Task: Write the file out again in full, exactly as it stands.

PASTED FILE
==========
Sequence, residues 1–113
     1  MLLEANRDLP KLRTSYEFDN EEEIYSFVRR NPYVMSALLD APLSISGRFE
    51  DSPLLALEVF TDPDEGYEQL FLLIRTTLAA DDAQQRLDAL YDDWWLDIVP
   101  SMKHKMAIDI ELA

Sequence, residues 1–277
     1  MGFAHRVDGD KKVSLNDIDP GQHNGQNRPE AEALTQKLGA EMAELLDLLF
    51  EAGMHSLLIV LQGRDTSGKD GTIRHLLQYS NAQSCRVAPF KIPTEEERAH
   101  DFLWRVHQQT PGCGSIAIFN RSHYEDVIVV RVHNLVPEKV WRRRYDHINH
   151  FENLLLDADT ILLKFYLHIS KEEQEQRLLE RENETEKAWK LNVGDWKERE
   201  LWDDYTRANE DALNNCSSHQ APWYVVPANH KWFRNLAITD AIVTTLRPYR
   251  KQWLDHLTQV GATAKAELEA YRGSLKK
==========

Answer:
Sequence, residues 1–113
     1  MLLEANRDLP KLRTSYEFDN EEEIYSFVRR NPYVMSALLD APLSISGRFE
    51  DSPLLALEVF TDPDEGYEQL FLLIRTTLAA DDAQQRLDAL YDDWWLDIVP
   101  SMKHKMAIDI ELA

Sequence, residues 1–277
     1  MGFAHRVDGD KKVSLNDIDP GQHNGQNRPE AEALTQKLGA EMAELLDLLF
    51  EAGMHSLLIV LQGRDTSGKD GTIRHLLQYS NAQSCRVAPF KIPTEEERAH
   101  DFLWRVHQQT PGCGSIAIFN RSHYEDVIVV RVHNLVPEKV WRRRYDHINH
   151  FENLLLDADT ILLKFYLHIS KEEQEQRLLE RENETEKAWK LNVGDWKERE
   201  LWDDYTRANE DALNNCSSHQ APWYVVPANH KWFRNLAITD AIVTTLRPYR
   251  KQWLDHLTQV GATAKAELEA YRGSLKK